The department has already outgrown the Paul G. Allen Center for Computer Science & Engineering [washington.edu], which was dedicated in 2003. The department's previous home was the decrepit (but homey) Sieg Hall [washington.edu].

  • Call me cynical (Score:3, Insightful)

    by Anonymous Coward on Friday February 27, 2015 @09:37PM (#49151751)

    Translation:

    "As representatives of companies and businesses that rely on recent graduates that are ignorant of their own value, we believe it is critical for the State to invest in our bottom line in a way that ensures continued profit delivered to our shareholders. Our vision is for Washington to continue to lead the way in producing an abundance of CS graduates, so that the few that actually negotiate their salary can't get what they want because the market is flooded."

  • by DoofusOfDeath ( 636671 ) on Friday February 27, 2015 @09:53PM (#49151797)

    I mean, holy crap, what facilities do you need to teach CS? A climate-controlled room with whiteboards, markers, chairs, some electrical outlets, and wifi. Bonus points for a projector.

    Most CS happens in your own head, on your laptop, or by talking with other people. You don't need to be on the Starship Enterprise.

    • I'd say instead of facilities a CS course requires really good faculty . That is certainly a plus point .
    • I will preface this by saying "this is really true" because you probably would otherwise read it as a nonsense, sarcastic, or glib comment.

      I heard a conversation the other day about some of the terrible new buildings at the nearby university. A very senior administrator said (paraphrased), "you need to hire a hot architect and pay him 20% of the project price to come up with some really shocking architecture, to prove to prospective students that the school is still relevant."

      I think he was talking mostly

      • It has to somehow come down to a global university .. using the media technology we have today ..
        who would have thought that we'd have a useable global encyclopedia 20 years ago?
  • by Required Snark ( 1702878 ) on Friday February 27, 2015 @10:01PM (#49151819)
    Remember all these companies pay shockingly small amounts of taxes, both at the state and federal level.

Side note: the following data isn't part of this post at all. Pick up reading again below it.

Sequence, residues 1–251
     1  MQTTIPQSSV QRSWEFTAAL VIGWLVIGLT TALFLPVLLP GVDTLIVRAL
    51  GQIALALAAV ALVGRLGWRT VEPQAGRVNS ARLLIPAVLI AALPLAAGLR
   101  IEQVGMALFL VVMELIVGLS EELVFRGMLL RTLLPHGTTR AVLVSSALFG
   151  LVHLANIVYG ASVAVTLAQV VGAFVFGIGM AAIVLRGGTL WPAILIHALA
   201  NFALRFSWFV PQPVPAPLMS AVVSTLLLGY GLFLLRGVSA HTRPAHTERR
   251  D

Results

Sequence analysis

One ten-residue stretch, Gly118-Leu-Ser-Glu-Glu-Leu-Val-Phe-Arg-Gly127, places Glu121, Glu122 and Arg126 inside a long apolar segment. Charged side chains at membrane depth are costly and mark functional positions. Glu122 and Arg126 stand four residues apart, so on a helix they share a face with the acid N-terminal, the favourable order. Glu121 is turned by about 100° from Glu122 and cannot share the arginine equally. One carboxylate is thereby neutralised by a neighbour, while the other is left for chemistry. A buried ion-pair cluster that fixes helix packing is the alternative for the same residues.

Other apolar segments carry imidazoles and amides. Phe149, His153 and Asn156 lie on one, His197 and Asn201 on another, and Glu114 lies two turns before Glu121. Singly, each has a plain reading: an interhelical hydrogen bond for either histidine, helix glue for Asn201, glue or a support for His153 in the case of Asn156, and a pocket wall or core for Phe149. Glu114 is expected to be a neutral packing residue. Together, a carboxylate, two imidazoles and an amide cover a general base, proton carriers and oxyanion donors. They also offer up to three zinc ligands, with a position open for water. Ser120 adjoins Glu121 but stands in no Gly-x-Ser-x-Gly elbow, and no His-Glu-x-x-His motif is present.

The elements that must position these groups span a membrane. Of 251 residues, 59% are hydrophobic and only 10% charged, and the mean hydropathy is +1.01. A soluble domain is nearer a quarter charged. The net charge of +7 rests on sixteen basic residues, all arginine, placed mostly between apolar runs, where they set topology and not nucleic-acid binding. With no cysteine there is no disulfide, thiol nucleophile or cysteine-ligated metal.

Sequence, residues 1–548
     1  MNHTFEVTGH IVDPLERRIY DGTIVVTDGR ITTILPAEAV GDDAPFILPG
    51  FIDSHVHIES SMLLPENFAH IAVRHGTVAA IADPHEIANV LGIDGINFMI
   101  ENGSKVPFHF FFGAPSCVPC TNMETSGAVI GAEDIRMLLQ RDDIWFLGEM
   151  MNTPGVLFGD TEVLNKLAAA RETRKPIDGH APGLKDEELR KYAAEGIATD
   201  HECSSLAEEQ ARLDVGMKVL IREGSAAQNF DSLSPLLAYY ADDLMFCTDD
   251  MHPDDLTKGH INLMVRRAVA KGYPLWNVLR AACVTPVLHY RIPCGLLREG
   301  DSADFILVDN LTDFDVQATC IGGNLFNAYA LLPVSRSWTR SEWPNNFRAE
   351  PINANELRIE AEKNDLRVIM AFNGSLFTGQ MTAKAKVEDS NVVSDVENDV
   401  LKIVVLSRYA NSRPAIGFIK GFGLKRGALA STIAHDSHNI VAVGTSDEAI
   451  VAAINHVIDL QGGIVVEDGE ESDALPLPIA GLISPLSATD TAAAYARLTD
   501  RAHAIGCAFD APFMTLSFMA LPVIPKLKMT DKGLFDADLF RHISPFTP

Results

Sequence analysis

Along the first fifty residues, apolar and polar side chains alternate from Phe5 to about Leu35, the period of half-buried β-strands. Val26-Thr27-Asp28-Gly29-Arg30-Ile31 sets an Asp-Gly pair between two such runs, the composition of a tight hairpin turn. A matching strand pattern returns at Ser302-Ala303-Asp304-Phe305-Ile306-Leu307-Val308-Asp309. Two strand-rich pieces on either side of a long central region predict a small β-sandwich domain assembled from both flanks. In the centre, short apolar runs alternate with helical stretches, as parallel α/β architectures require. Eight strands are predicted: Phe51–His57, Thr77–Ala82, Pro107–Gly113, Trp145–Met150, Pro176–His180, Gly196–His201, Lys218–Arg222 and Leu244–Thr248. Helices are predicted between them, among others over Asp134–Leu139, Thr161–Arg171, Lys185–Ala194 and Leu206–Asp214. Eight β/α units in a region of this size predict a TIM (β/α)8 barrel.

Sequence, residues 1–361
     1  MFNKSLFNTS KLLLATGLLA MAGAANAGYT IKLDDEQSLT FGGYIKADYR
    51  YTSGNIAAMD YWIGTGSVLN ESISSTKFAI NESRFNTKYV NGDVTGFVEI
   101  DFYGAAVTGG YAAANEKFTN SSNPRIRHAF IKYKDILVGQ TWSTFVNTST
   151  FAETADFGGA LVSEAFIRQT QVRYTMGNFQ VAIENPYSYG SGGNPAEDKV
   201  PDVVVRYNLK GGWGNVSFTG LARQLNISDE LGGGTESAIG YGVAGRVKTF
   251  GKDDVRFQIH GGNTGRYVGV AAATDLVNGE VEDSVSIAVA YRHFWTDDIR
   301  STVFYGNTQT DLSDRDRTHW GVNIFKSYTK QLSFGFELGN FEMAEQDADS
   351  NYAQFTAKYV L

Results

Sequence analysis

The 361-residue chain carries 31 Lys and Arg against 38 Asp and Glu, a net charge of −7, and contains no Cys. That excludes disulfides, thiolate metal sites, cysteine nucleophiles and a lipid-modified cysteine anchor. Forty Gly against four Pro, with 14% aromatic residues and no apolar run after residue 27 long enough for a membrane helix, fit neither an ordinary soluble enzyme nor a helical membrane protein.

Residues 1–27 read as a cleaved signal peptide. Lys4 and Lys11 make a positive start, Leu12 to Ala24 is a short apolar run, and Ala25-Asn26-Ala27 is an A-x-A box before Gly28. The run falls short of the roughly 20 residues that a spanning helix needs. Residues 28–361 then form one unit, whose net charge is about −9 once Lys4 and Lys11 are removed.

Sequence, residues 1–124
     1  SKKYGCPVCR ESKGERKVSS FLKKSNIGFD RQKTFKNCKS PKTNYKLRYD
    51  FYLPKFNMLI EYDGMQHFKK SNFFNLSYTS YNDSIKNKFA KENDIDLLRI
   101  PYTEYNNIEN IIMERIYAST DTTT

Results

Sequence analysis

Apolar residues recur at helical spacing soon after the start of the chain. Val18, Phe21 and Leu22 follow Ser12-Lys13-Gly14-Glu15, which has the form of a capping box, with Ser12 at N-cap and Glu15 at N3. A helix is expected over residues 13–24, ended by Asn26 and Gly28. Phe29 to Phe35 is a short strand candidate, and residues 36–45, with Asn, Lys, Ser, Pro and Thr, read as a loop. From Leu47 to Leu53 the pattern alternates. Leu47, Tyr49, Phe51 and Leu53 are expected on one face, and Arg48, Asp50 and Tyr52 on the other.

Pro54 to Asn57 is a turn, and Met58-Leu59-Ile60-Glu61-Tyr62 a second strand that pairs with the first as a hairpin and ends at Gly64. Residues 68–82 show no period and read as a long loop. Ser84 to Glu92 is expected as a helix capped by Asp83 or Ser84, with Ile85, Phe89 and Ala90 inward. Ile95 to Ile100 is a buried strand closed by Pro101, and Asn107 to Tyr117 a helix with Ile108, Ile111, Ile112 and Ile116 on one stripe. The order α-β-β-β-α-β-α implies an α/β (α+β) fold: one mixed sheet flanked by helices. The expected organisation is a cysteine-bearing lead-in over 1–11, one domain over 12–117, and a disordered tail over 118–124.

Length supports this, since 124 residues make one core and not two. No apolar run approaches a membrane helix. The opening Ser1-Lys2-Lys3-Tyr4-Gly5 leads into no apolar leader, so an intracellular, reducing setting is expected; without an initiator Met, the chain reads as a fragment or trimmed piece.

I have a counter suggestion: make the bastards pay reasonable taxes, and then the state will be able to afford to put up a nice shiny new building. Instead of having to say, beg $70 million in the first place.

  • by BlueKitties ( 1541613 ) <bluekitties616@gmail.com> on Friday February 27, 2015 @10:16PM (#49151875)

    Apple literally has $178,000M in cash on hand, and the state had better ensure that $40M go to educating their future workforce.

    Seriously. The good press Apple would have received to fund that project would be mind numbing, and probably pay for itself in terms of the PR and 'free' advertising that would result.

  • by kenh ( 9056 ) on Friday February 27, 2015 @10:48PM (#49151979) Homepage Journal

    You drop your H-1B visa requests.

    • by Anonymous Coward

      If the government says "no", it's exactly the justification they need more more H1B.

      "We tried to get more local employees, but the education just isn't there"

  • by rogoshen1 ( 2922505 ) on Friday February 27, 2015 @11:06PM (#49152045)

    Would it perhaps be better to take sharp kids straight out of HS who have the interest and the aptitude, and give them 2-3 year internships where they learn 'on the job'?

    (I'm a web guy, so I'm not sure if that style of training would carry over to things like embedded systems.)

  • by theodp ( 442580 ) on Friday February 27, 2015 @11:08PM (#49152049)

    Public Disclosure Commission records [wa.gov] show that five of those who signed the letter calling for increased WA State spending - Microsoft General Counsel and Code.org Director Brad Smith, Code.org CEO Hadi Partovi, Madrona VC and Amazon.com Director Tom Alberg, Ignition Partners VC Brad Silverberg, Trilogy VC John Stanton - contributed money in 2010 to defeat I-1098, an initiative for a WA state income tax. Other contributors to Defeat 1098 included Amazon CEO Jeff Bezos, Amazon exec and Code.org Director Jeff Wilke, Microsoft Corporation, and other Microsoft execs, including then-CEO Steve Ballmer. After I-1098 went down in flames, Ballmer announced plans to sell $2B of Microsoft stock [slashdot.org] that might have been subject to as much as $180 million in state taxes under the quashed proposal.

  • $40M divided amongst those four companies (Microsoft, Amazon, Facebook, Google) is a drop in the bucket. If it's so important to them, let them pony up the money.

  • by Jawnn ( 445279 ) on Saturday February 28, 2015 @10:57AM (#49153793)
    Please give free money to help us compete in the glorious free market.

    Regards,

    The tech industries of Washinton State

    P.S. - Remember, it's not socialism when you give welfare to corporations.